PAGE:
Unless you have had your head in the sand the last couple of years, you have probably heard about “Target-Date” portfolios. Target-date portfolios are essentially a basket of mutual funds with the allocation decided by number of years until the money is needed. Naturally, the further out the target-date, the more aggressive the portfolio. As you approach your goal, the portfolio automatically changes the allocation for you by transfering money from the stock portion into the fixed income portion of the portfolio.
What you gain in “freedom” you lose in “personality” as the one-size-fits-all approach to asset allocation doesn’t take in account personal risk tolerance. In other words, I may have a really high risk-tolerance and therefore may not want bonds in my portfolio. But, if I’m in the Vanguard 2040 Target Retirement Fund, nearly 10% of my funds will be invested in bonds:
If I go with the Fidelity Freedom Freedom Fund 2040, I’ll have 15% of my portfolio allocated to fixed income:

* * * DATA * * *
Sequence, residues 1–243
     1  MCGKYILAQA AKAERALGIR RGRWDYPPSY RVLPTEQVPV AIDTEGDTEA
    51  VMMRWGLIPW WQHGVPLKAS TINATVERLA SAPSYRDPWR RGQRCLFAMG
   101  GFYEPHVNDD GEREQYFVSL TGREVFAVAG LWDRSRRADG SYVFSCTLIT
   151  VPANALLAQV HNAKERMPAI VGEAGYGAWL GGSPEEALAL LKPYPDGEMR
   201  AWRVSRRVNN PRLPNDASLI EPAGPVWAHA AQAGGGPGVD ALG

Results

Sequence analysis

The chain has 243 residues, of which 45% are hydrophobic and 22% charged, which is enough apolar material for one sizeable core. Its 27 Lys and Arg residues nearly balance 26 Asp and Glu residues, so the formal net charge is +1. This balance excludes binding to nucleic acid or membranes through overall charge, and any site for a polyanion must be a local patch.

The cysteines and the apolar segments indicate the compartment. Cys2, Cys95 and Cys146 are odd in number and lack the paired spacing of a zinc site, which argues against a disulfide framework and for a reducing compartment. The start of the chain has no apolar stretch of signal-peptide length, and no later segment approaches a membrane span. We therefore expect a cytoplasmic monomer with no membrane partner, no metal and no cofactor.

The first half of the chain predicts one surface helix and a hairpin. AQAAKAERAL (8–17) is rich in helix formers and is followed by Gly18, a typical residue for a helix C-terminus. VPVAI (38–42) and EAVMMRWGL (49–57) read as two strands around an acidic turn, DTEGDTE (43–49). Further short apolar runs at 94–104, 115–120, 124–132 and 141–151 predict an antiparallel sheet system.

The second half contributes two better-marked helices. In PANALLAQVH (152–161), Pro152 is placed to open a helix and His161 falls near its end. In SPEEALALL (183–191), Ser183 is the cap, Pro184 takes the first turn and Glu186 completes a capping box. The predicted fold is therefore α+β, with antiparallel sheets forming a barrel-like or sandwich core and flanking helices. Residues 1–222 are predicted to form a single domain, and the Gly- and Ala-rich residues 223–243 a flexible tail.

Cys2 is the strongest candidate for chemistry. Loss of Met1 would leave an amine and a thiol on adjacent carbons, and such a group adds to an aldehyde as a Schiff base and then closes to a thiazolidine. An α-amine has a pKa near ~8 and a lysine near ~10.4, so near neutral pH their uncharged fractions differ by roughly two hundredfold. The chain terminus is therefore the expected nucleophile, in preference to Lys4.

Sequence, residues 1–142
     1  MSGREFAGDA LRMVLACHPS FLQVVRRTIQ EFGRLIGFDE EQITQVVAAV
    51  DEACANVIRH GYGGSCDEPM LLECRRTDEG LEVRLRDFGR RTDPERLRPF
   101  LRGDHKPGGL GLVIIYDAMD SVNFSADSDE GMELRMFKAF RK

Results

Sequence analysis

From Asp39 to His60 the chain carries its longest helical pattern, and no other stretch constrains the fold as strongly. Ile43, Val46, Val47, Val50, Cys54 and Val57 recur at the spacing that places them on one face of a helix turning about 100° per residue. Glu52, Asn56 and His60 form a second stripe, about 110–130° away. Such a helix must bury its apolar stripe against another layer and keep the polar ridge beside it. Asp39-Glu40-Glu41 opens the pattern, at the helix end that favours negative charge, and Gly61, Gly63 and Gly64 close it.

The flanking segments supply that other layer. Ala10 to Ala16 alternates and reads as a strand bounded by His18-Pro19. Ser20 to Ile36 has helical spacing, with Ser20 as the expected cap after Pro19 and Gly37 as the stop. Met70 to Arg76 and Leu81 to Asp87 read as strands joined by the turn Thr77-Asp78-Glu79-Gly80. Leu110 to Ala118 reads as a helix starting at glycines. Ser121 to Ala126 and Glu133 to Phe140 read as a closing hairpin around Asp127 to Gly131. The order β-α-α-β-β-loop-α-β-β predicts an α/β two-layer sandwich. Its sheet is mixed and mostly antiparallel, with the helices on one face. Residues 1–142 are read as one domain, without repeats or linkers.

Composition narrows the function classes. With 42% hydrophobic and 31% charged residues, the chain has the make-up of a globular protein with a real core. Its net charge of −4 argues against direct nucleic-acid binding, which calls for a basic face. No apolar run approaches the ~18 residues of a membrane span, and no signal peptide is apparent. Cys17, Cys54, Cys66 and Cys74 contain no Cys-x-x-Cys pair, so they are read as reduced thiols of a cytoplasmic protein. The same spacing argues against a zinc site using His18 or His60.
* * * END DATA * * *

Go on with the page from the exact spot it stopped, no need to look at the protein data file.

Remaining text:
And, if I go with the T. Rowe Price 2040 Retirement Fund, I’ll have 7.75% of my portfolio in fixed income:
The fees for the three portfolios mentioned above are reasonable. Vanguard’s is by far the lowest at just .21%, while Fidelity and T. Rowe Price each charge .76% (this includes the mutual fund fees). Be sure and read the prospectuses as the fees may be different depending on the target date.
So, if you want to save for retirement but don’t want to mess with your asset allocation each year and don’t mind having an allocation picked for you, a target-date fund might be right for you. Personally, I’m going to stick to doing it myself.